David W. Andrews


While on active duty as an officer with the United States Air Force in early 1970’s I was able to participate in a University of Oklahoma study program that resulted in obtaining a Masters in Human Relations degree. This study program was an excellent opportunity for service members.

Following completion of the degree, I was assigned duty as Director of Social Services at Shaw AFB, South Carolina. This was a new venture directed by the Department of Defense for all branches of the military forces.

The objective of the Social Services initiative was to counter the negative impact of three problem areas involving military personnel and civilian employees of the Department of Defense. These three problems were drug abuse, race relations and equal opportunity. Effectiveness of all branches of the service was being greatly reduced because of these negative aspects of personnel relationships.

Since this was a very new and heretofore untried program, I was charged with the establishment and operation of the program at Shaw Air Force Base. The first step was to develop a document or manual to define exactly how the programs to combat these problems was to be implemented. The manual contained a brief review of the three areas and then presented an outline of the programs and procedures designed to help alleviate or at least reduce the negative impact of the three problems affecting military and civilian personnel.

Race relations was identified initially as the most prominent of the problems for personnel of a deep south military installation. Without presenting excessive detail concerning our approach to improving race relations, I will relate the basic concept of the program we developed. It was primarily an inter-active program constructed around the idea of small group discussions with a mixture of all ranks from private to Colonel, and all ethnic identifications from the personnel assigned to the air base. These group discussions were led by staff members trained to do this work. As a human relations degree holder, the task of training these staff members was my responsibility. The study, training and experiences I encountered at U. of Oklahoma well prepared me for this task.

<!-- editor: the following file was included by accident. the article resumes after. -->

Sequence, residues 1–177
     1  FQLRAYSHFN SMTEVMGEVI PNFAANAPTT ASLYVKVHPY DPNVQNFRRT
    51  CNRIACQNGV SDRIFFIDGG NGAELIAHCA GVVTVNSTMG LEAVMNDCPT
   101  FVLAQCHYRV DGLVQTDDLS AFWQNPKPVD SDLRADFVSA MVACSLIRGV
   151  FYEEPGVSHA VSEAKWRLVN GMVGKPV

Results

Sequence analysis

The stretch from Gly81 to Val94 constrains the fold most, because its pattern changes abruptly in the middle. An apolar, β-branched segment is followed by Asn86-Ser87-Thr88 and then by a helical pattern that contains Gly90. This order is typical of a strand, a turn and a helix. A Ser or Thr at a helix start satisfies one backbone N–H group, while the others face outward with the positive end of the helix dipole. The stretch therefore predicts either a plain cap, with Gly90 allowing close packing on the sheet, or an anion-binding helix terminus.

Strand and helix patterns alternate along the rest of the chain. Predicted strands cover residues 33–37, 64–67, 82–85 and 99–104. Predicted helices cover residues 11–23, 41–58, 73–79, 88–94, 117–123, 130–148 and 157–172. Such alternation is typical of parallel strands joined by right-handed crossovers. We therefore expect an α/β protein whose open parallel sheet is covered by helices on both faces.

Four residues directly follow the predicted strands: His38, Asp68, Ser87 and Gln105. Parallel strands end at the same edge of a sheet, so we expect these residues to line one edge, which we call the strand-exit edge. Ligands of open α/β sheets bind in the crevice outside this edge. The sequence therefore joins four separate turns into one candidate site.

As you might imagine, the group discussions were lively and very personal in many cases. Group members were quick to relate painful experiences they had encountered prior to and following enlistment into the military. Other members volunteered their own prejudices and history of relating to or avoiding persons from other ethnic heritages.

A rather crude example of the comments I recall from one particular group meeting will give you an idea of how realistic the discussions were. We typically asked, during the initial warm up for the session, what members had heard about the race relations training prior to attending. One rather high ranking sergeant replied, “ I heard that this training was conducted by a queer Major(officer which was me) a nigger(Black NCO- our staff’s ranking Master Sergeant) and a spic( our Chicano/Mexican staff member)”. We were the three principle leaders of the discussion groups. I think this illustrates that the group sessions got down to the nitty-gritty of the problem of race relations. I will report that the critiques requested of everyone following the eight hour sessions of training reflected a consensus of positive reactions to the information presented by the leaders and the views and opinions presented by participants.

Drug education was conducted in similar fashion with small group discussions. We also had qualified counselors to assist persons involved with drug abuse and also for dealing with complaints related to equal opportunity issues.

In summary, my Human Relations degree from the University of Oklahoma gave me a good background and equipped me for dealing with these three problem areas that continue to affect a large portion of the population of the United States, even to this day. Although I have long since retired from air force duty, I continue to benefit from the education and training in day to day relationships with my fellow men and women.

Sincerely, David W. Andrews